Business Advisory

Protecting the real value of your profits

Steve Alexander
29 October 2021
3 min read

29 October 2021

New Zealand hasn’t seen inflation above four percent for almost ten years so, for many people new to business, this will be their first experience of owning a business in an inflationary environment.

To survive in this environment, small business owners should be thinking about strategies to avoid the erosion of the real value of their profits.

The impact of inflation

For the September 2021 quarter, CPI Inflation was officially reported to be 4.9 percent. The value of $1 today is worth more than $1 in a year’s time. Inflation erodes the value of today’s dollars and reduces their future purchasing power.

Many businesses are experiencing first-hand what is driving inflation. The closure of our borders due to COVID-19 has put a real strain on many sectors, especially with reduced numbers of migrant workers and those on working holidays. A tight labour market has pushed up wage costs as businesses pay more to secure workers from a diminishing pool.

The impacts to supply chains from overseas markets impacted by COVID-19, such as increased shipping costs and sourcing product, are starting to have a pronounced effect on what we pay for various imported goods.

Given all of this, some businesses have had no choice but to pass these additional costs on to customers.

Adapting your business to an inflationary environment

To adapt to this environment, your business should continually review its costs and adjust its prices accordingly. It is more palatable for customers if small tweaks are made regularly (say annually), than large increases every two to three years. In some cases, it may be necessary to review pricing more regularly if input costs are increasing faster than general inflation levels.

Your business should know and be able to communicate its value proposition to your market. Customers are generally happy to pay a certain price if they perceive the value they derive exceeds the money paid, otherwise they are reluctant to transact. It is important that staff are well versed in explaining the value proposition to customers, to remind them why their product or service is superior to others.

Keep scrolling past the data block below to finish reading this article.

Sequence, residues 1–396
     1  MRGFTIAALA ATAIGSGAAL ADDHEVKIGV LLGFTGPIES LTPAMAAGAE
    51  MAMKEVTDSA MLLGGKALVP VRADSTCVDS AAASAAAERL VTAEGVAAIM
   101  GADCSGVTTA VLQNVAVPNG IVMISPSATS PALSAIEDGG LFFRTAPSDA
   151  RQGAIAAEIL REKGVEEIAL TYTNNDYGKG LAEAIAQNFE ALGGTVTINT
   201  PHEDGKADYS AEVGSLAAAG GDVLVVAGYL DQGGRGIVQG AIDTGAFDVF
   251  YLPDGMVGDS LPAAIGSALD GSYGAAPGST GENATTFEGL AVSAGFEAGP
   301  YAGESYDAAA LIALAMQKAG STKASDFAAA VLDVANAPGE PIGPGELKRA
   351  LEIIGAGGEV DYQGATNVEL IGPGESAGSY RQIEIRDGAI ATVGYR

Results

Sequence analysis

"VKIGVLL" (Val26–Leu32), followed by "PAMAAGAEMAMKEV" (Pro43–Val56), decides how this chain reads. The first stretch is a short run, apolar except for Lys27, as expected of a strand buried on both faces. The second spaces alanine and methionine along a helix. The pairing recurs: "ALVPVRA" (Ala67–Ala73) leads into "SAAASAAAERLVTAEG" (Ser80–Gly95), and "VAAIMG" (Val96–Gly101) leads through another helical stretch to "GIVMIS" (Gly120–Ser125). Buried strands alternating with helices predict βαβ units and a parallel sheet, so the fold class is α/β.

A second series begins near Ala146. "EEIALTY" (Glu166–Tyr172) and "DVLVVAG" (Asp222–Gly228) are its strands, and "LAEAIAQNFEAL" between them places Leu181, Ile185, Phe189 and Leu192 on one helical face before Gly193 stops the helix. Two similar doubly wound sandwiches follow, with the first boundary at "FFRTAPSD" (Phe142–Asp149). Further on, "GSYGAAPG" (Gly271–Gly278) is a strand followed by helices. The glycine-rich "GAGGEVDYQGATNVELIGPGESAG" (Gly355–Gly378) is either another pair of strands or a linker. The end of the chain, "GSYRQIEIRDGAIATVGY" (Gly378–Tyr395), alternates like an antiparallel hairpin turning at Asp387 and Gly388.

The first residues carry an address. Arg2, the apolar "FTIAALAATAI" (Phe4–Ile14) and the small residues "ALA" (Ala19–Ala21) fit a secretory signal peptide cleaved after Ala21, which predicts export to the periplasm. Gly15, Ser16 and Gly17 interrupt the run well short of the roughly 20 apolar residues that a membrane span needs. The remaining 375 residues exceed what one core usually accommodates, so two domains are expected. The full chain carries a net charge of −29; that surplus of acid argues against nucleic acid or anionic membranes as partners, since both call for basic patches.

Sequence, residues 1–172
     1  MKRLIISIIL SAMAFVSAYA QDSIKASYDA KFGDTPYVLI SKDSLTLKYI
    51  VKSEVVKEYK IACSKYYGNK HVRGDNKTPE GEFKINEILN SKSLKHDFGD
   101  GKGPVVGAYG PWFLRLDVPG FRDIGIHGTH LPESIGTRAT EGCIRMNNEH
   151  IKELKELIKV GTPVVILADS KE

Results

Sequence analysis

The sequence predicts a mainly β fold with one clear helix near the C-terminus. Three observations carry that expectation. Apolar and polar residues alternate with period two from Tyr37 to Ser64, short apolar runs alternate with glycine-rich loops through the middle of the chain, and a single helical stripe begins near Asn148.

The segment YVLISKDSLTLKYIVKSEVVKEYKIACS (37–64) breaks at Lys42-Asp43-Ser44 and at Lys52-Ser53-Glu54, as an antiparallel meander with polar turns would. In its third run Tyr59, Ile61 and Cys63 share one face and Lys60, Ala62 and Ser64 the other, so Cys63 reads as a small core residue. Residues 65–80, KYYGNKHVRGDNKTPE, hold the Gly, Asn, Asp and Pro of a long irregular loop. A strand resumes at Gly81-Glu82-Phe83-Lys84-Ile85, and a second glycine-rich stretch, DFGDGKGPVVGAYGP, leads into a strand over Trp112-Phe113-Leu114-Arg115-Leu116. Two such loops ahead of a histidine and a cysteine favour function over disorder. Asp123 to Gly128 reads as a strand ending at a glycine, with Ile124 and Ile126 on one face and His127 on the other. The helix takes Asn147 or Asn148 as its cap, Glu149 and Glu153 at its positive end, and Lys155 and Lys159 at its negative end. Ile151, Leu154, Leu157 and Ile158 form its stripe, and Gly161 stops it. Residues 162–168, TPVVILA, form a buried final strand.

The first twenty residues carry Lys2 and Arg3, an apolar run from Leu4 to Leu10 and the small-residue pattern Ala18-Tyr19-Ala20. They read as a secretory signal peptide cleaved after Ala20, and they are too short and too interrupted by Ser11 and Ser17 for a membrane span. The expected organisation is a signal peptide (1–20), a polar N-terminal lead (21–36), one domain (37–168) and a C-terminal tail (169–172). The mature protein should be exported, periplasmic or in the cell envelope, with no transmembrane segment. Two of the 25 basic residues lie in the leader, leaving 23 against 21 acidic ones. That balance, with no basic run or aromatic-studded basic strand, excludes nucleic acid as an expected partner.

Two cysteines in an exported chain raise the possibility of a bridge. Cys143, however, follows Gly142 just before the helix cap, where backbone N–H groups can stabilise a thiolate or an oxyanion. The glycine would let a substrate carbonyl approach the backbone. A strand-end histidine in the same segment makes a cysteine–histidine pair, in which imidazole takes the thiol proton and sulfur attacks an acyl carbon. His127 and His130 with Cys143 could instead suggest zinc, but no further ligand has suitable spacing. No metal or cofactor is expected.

Marketing strategies and initiatives should also be well aligned to your business’ value proposition. Rather than explain the features of a product or service, explain the benefits to the customer because that is what they are buying. How is this product or service going to help the customer? What problem is it going to solve? What tangible and intangible value will be added?

There’s risk and reward in business. Profits are the premium enjoyed by businesses for taking on risk so it’s reasonable to increase your prices to protect them. There might be the occasional customer who grumbles, but provided you’re being fair, the majority will accept it. Have courage, be brave, and know your value proposition.

For assistance reviewing your business plan or value proposition, speak with your adviser or get in touch with the Findex Accounting and Business Advisory team.

Author: Steve Alexander | Partner

Steve specialises in business advice, valuations and negotiations for SME clients, working across a variety of industries. Steve is proactive and ensures his clients’ business structures are tax efficient assets are protected and opportunities to grow wealth are explored.